Journal of Oceanology and Limnology

, Volume 36, Issue 6, pp 2061–2084 | Cite as

The history and future of the biological resources of the Caspian and the Aral Seas

  • N. V. AladinEmail author
  • T. Chida
  • Yu. S. Chuikov
  • Z. K. Ermakhanov
  • Y. Kawabata
  • J. Kubota
  • P. Micklin
  • I. S. Plotnikov
  • A. O. Smurov
  • V. F. Zaitzev
Special Issue on Salt Lakes: From the 13th International Conference on Salt Lake Research Ulan-Ude, 20–25 August 2017 Guest editors: Aharon OREN, DENG Tianlong, Nikolai V. SHADRIN, ZHENG Mianping, Egor S. ZADEREEV


The term ‘biological resources’ here means a set of organisms that can be used by man directly or indirectly for consumption. They are involved in economic activities and represent an important part of a country’s raw material potential. Many other organisms are also subject to rational use and protection. They can be associated with true resource species through interspecific relationships. The Caspian and Aral Seas are continental water bodies, giant saline lakes. Both categories of species are represented in the benthic and pelagic communities of the Caspian and Aral Seas and are involved in human economic activities. The most important biological resource of the Caspian Sea and the Aral Sea is their ichthyofauna, represented by both aboriginal species and species introduced by man in the 20th century. Among invertebrates, the main biological resource of these saline lakes is the brine shrimp Artemia. The physical state of the Caspian as a water body is relatively stable but its biological resources are very seriously affected by irrational use. The Aral Sea since the second half of the 20th century has experienced catastrophic anthropogenic regression, which has led to the almost complete loss of its biological resources due to salinization. However, thanks to efficacious engineering measures, it has now become possible to preserve its northern part (Small Aral) and rehabilitate it, lowering the salinity to its former state. The result has been the restoration of its fish biological resources. In the southern part of Aral (Large Aral), which turned into a group of separated hypersaline reservoirs, the only resource species currently available is the brine shrimp Artemia. The main environmental threats for biological resources of the future Caspian and Aral as well as potential solutions are considered.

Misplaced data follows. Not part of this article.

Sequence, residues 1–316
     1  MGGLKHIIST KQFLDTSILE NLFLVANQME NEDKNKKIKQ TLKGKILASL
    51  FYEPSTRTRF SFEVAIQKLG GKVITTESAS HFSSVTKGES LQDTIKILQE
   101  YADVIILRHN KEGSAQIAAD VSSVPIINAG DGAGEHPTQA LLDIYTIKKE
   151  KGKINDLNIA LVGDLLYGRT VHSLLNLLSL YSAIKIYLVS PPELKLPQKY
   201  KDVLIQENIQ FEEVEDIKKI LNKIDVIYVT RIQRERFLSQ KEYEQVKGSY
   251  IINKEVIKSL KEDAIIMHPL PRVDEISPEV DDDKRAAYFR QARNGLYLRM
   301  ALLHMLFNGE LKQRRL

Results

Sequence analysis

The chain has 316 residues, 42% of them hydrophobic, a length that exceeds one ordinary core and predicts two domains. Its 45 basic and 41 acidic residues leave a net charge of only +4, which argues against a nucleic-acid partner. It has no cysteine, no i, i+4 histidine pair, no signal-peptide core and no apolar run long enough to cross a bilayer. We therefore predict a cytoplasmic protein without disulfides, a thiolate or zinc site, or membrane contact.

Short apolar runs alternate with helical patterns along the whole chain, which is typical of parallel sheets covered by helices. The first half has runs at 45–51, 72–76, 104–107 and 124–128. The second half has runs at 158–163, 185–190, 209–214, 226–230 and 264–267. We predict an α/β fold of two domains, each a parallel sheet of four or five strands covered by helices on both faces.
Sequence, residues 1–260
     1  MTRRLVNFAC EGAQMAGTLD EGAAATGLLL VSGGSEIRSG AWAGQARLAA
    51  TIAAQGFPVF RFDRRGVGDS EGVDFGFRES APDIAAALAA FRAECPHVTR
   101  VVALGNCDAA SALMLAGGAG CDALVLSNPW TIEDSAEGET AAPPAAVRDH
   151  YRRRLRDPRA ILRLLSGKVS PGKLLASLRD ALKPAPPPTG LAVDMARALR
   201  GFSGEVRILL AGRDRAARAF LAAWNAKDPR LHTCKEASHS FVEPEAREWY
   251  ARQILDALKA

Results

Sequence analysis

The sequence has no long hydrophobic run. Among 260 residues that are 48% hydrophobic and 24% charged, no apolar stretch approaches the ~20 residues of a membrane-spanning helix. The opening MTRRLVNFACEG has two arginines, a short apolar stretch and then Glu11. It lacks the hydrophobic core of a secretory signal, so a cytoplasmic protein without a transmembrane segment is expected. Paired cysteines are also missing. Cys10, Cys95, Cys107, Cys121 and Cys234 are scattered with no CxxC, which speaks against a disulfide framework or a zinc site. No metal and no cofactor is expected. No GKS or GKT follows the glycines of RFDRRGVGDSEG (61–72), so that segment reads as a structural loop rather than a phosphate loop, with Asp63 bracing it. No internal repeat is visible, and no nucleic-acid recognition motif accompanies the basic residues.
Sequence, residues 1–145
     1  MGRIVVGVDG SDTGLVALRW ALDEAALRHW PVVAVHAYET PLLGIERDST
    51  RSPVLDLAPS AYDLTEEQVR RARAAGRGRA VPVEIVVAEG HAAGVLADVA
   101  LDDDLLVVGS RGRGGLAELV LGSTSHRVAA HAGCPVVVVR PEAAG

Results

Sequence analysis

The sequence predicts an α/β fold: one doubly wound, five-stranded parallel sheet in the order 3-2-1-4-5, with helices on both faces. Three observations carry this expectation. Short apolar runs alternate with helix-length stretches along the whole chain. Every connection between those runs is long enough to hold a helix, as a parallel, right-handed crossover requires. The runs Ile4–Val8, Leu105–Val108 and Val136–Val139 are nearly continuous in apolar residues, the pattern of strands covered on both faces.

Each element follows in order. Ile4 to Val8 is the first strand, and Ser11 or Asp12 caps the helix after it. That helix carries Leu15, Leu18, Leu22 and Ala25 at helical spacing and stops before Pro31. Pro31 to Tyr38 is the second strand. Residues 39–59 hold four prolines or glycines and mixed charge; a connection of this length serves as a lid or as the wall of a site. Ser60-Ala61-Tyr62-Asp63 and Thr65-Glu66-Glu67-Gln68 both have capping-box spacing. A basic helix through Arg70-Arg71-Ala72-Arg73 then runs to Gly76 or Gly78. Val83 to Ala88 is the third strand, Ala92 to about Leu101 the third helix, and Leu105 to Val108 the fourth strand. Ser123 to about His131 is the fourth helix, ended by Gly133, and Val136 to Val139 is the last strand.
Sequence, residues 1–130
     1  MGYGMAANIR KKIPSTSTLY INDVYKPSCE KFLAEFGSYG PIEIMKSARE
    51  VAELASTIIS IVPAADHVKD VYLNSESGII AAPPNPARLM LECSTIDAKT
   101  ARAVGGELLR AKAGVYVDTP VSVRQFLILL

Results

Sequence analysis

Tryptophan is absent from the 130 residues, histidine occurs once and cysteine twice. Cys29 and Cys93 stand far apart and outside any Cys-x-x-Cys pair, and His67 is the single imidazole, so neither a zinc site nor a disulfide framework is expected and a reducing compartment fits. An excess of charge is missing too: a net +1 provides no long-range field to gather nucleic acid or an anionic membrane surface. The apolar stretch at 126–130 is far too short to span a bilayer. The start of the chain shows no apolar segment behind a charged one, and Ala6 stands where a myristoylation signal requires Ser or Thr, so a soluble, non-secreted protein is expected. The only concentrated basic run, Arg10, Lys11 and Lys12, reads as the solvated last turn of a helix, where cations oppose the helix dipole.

Caspian Sea Aral Sea biological resources fauna fish invertebrates 


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This work was supported by the program of the Presidium of the Russian Academy of Sciences “No. 41. Biodiversity of natural systems and biological resources of Russia” and by the theme of the State assignment for 2017–2019 “AAAA-A17-117030310206-6. Systematization of the biodiversity of salt lakes and brackish water inland seas in the zone of critical salinity”.


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Copyright information

© Chinese Society for Oceanology and Limnology, Science Press and Springer-Verlag GmbH Germany, part of Springer Nature 2018

Authors and Affiliations

  • N. V. Aladin
    • 1
    Email author
  • T. Chida
    • 2
  • Yu. S. Chuikov
    • 3
  • Z. K. Ermakhanov
    • 4
  • Y. Kawabata
    • 5
  • J. Kubota
    • 6
  • P. Micklin
    • 7
  • I. S. Plotnikov
    • 1
  • A. O. Smurov
    • 1
  • V. F. Zaitzev
    • 8
  1. 1.Zoological Institute RASSt.-PetersburgRussia
  2. 2.Nagoya University of Foreign StudiesNisshinJapan
  3. 3.Astrakhan State UniversityAstrakhanRussia
  4. 4.Aral Branch of Kazakh Research Institute of FisheryAralskKazakhstan
  5. 5.Tokyo University of Agriculture and TechnologyFuchu TokyoJapan
  6. 6.National Institutes for the HumanitiesTokyoJapan
  7. 7.Western Michigan UniversityKalamazooUSA
  8. 8.Astrakhan State Technical UniversityAstrakhanRussia

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